- Two lectures from the Institute for Applied Meditation
- An educational video series about immigration called "Radical Hospitality" for the Mennonite USA church.
- documenting the SAAF Moda Provacateur fashion show
- a wedding.
- some bands that wanted me to film them playing live
- PSAs for Child and Family Resources
- helping a friend with a documentary about Diamond Mountain's 3-year meditation retreat.
- Documenting the Toward a Science of Consciousness Conference at the U of Arizona
- instructional videos on meditation at a retreat center in Cochise Stronghold
- fundraising videos with Creatistia for Literacy Connects
- documenting the Mayor's Council on Poverty
- various promotional footage for the Downtown Tucson Partnership (with Creatista)
- and finally, one of the last projects that I'm still involved with is videography for a documentary film in progress by Eva Lewis called No Man's Land, about the organizing against the Arivaca Border Patrol checkpoint.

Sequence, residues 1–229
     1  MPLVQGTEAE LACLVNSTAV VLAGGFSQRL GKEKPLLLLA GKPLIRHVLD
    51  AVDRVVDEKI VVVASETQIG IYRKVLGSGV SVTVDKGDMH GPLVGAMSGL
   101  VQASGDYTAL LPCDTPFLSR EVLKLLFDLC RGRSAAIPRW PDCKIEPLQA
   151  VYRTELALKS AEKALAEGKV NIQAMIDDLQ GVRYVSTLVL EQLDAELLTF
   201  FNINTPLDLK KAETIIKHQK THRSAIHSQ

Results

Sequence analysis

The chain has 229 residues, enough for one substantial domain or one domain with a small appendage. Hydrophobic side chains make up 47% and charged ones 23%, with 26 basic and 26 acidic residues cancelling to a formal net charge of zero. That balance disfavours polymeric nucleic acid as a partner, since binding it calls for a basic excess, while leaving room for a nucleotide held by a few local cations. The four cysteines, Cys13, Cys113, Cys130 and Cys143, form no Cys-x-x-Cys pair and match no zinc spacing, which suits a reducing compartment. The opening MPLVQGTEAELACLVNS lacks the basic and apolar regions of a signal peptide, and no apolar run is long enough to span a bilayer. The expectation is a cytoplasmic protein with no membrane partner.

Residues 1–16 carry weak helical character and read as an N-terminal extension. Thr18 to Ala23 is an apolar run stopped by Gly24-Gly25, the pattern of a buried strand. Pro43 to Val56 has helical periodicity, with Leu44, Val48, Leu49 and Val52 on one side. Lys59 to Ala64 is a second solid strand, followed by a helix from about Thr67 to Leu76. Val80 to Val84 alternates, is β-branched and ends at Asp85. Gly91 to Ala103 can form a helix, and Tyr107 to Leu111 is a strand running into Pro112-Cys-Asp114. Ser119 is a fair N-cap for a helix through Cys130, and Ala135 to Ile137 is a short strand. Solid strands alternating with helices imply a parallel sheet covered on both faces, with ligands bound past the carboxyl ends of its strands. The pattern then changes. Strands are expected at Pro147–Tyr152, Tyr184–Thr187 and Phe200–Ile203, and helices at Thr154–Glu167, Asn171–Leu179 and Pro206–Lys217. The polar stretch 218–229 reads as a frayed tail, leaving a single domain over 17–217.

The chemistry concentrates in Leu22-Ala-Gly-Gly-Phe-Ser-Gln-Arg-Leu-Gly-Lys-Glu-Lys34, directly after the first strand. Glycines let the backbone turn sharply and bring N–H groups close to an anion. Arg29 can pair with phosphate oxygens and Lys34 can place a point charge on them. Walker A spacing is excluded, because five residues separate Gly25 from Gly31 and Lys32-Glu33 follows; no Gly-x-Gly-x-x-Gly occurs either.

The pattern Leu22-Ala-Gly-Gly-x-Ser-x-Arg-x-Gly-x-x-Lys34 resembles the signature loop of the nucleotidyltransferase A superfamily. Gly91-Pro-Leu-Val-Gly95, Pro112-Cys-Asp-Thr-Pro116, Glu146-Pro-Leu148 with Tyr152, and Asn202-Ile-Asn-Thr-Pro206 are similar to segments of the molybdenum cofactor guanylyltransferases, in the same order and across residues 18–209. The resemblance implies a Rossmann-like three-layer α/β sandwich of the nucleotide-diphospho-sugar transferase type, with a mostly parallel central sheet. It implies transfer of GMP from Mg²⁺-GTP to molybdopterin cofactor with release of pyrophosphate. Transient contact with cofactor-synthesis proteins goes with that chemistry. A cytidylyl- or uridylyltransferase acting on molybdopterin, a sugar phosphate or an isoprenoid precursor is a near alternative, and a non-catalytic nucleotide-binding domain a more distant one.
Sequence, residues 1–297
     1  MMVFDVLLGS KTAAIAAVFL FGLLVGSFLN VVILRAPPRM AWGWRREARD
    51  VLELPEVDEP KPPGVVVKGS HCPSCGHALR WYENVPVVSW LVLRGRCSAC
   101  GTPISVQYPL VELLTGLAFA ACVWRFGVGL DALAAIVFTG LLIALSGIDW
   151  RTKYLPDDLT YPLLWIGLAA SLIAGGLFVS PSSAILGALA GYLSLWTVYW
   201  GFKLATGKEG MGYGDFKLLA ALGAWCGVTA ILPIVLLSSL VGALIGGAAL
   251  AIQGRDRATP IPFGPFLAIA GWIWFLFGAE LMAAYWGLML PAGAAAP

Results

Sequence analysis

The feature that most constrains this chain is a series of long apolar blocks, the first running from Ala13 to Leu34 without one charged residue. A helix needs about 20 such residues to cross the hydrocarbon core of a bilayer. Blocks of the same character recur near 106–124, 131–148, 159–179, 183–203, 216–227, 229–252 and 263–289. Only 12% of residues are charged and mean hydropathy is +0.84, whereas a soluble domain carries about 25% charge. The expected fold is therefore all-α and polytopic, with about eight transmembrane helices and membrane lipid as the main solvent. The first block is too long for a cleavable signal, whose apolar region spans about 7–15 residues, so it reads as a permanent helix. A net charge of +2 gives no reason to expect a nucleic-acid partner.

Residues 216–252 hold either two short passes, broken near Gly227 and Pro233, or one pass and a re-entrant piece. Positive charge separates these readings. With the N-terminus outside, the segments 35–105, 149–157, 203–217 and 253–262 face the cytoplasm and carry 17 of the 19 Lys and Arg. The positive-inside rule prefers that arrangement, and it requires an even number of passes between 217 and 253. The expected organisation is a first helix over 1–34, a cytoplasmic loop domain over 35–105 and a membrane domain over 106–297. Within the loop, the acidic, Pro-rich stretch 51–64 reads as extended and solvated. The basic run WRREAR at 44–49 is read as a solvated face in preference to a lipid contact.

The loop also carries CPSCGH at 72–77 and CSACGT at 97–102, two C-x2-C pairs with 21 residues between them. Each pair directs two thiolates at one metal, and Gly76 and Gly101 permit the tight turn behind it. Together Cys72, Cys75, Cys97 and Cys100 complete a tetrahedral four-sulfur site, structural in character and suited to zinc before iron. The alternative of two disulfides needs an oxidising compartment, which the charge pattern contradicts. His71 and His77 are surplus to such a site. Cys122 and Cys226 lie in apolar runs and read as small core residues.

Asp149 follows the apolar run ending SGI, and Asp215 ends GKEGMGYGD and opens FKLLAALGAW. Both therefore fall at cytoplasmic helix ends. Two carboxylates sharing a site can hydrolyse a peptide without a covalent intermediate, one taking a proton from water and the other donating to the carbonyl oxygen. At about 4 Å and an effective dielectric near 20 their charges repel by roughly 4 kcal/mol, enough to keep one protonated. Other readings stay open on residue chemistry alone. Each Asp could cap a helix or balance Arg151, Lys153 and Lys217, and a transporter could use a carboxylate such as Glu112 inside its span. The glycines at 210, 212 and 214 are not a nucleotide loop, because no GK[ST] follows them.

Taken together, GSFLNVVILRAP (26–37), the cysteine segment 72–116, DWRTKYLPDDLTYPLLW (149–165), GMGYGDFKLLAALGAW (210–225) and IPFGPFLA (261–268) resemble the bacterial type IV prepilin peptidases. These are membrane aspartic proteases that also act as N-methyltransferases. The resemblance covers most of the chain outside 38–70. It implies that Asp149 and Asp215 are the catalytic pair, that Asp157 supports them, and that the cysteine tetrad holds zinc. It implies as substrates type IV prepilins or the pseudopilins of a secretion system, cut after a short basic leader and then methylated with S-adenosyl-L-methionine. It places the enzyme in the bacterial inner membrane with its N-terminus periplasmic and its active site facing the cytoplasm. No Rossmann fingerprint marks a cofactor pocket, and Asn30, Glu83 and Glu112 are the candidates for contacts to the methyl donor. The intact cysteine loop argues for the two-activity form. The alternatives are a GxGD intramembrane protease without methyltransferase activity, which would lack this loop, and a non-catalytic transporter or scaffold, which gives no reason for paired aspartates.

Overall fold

I was just down in Arivaca yesterday shooting stuff for the last item, so I guess I can also celebrate that I'm still doing some of this stuff. Just not trying to pay all of the bills with it.
This is a short video I worked on a few months ago with Creatista, funded by Primavera Foundation.
I was one of 2 cameramen on the project, shooting with my Panasonic AF100. The other camera was a Red Scarlet. (Can you tell which shots are which?)
It's great to see it all come together when I only work on the production end and am not involved with post-production. It almost feels like magic. Anyway, it was a fun thing to be involved with and I'm glad I was part of it.